Bodyboarding: there is always room for improvement | Photo: Shutterstock

Mike Stewart is the greatest bodyboarder of all time, and he is the best teacher one can have. Learn the fundamentals of bodyboarding with the master.

It doesn't matter if you're starting or simply improving your intermediate and advanced skills. These tips by Mike Stewart will help you become a better bodyboarder.

For instance, weight distribution plays a critical role in the way you ride a wave on a bodyboard. Knowing how to shift the body's weight in the different stages of a ride is paramount.

Understanding how a wave breaks will also help you pulling tricks and completing basic and intermediate maneuvers. Contrary to popular belief, small waves are great training grounds for working on technique and control.

Control and Speed

1. Put your hands on the top corners of the board, with fingers on the front and on the side;
2. Slide your body forward to keep your board flat against the water, and increase speed;
3. Move backward to create turbulence, increase drag and control, and reduce speed;
4. To turn, put your weight from the center to the corner, keeping the elbow on the deck of the board;


1. If you spread your fins while riding a wave, they will create more resistance, and will slow you down. This technique, in conjunction with sliding back on the board, will allow you to scoop into big barrels, before shooting out of the pit.
2. Get a pair of comfortable fins that have a nice directional flow off the tip, so you can get increased control;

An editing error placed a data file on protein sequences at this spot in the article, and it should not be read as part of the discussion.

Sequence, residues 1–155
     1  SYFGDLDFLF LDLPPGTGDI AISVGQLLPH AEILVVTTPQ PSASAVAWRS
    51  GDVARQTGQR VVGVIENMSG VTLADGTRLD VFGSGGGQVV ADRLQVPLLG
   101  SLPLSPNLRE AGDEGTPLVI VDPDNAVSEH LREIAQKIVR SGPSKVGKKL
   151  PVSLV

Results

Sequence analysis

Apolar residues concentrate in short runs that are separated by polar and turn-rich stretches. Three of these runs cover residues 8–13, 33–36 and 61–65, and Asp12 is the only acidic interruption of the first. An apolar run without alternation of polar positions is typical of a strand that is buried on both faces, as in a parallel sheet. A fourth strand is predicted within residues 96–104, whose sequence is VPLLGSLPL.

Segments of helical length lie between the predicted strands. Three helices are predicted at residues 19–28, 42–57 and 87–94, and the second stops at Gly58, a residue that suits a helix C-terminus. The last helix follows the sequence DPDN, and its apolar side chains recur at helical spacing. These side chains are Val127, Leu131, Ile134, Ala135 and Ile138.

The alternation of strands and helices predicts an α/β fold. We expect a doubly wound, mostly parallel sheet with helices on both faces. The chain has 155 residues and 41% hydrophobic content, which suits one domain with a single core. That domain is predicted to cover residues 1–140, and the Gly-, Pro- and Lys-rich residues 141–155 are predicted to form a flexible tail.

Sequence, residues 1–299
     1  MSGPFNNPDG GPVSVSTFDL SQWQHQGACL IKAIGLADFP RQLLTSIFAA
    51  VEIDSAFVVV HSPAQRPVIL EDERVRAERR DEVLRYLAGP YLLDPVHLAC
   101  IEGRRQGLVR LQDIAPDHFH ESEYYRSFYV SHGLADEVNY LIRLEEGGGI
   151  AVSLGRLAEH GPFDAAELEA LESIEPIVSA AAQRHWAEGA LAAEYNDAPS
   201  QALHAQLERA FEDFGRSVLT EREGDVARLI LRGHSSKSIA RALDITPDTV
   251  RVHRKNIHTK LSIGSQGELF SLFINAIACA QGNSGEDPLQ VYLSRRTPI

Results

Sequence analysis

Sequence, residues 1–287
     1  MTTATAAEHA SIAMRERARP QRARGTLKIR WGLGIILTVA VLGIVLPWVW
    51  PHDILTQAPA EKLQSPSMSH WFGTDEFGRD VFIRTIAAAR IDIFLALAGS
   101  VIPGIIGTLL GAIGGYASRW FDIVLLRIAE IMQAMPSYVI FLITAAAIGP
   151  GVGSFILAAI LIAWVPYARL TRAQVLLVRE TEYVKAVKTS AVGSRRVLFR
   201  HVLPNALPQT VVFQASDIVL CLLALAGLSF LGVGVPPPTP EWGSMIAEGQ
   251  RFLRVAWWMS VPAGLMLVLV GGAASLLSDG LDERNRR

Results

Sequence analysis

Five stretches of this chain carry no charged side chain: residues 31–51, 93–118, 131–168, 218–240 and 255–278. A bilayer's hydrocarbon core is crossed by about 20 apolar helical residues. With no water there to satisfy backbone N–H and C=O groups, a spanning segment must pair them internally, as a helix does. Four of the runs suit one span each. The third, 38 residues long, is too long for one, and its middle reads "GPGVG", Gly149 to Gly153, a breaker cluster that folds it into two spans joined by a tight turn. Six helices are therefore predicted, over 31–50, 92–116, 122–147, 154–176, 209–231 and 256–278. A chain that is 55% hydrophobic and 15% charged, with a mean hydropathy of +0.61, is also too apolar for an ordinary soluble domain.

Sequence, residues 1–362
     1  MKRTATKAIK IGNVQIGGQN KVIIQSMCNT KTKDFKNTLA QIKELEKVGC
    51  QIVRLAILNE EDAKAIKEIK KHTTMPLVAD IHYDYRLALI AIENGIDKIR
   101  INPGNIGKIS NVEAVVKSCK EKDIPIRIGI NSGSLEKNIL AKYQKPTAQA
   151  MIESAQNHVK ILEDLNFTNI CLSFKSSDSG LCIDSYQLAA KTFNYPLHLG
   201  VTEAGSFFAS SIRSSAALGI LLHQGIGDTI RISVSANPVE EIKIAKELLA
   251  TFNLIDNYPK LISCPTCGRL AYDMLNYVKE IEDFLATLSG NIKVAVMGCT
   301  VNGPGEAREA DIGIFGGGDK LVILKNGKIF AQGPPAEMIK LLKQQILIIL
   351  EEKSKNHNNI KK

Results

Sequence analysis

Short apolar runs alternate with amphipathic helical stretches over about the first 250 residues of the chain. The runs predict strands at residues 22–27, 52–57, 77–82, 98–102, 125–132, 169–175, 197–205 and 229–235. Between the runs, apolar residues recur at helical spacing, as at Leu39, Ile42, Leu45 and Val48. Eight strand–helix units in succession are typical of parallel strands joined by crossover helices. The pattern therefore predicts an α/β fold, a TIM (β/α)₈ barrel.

Paddle Out

1. Waves break in shallow waters. Check the surf before paddling out;
2. Make a mental paddle out plan;
3. Check the beach and use landmarks to make triangulations;

Duck Diving

1. Paddle with some speed to add depth to your duck dive;
2. Slide forward, and push down the nose (with or without your knee) before the whitewater hits you;

Bodyboarding: learn how to improve your skills | Photo: APB

Spins, Rolls, and Airs

1. Lay flat and keep the weight evenly distributed on the board;
2. Drag your feet in the water and, if going left, use your left fin for spinning, and cross your legs.
3. For rolls, you just need to follow the flow of the wave. Ride down the line, find a steep section, turn and let the wave do the rest.
4. In the air roll spin (ARS), you slide forward a little bit more than you would on a roll, and keep your weight forward. The rotation will be faster.
5. Speed is key to airs. Get a lot of speed, glide into the section by making an arch into the lip, and kick your feet;


1. Push the board further, relax, and let the barrel drive you;
2. To stall, spread your legs;